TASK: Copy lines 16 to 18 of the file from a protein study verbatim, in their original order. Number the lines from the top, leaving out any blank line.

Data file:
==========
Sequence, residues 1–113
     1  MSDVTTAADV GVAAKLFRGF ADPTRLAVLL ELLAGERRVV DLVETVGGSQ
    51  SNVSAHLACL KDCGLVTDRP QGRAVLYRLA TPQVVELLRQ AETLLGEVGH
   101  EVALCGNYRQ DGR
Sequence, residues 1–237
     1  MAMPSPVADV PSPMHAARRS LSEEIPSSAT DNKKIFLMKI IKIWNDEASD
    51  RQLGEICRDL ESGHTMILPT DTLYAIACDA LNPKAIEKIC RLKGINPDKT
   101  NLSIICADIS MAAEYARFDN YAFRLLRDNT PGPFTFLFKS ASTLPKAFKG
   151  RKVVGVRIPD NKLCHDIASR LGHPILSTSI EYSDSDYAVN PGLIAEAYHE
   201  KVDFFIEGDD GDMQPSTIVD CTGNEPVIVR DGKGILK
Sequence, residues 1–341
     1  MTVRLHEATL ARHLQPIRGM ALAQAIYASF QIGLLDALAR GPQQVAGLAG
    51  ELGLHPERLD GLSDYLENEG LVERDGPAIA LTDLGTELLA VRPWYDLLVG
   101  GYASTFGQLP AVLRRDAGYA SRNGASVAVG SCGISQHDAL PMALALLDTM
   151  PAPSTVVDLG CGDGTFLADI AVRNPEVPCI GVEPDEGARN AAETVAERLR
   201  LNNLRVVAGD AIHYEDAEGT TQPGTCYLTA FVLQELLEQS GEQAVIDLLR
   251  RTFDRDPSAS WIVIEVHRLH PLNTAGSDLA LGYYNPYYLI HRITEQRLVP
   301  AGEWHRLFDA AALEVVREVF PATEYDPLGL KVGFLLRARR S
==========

   201  LNNLRVVAGD AIHYEDAEGT TQPGTCYLTA FVLQELLEQS GEQAVIDLLR
   251  RTFDRDPSAS WIVIEVHRLH PLNTAGSDLA LGYYNPYYLI HRITEQRLVP
   301  AGEWHRLFDA AALEVVREVF PATEYDPLGL KVGFLLRARR S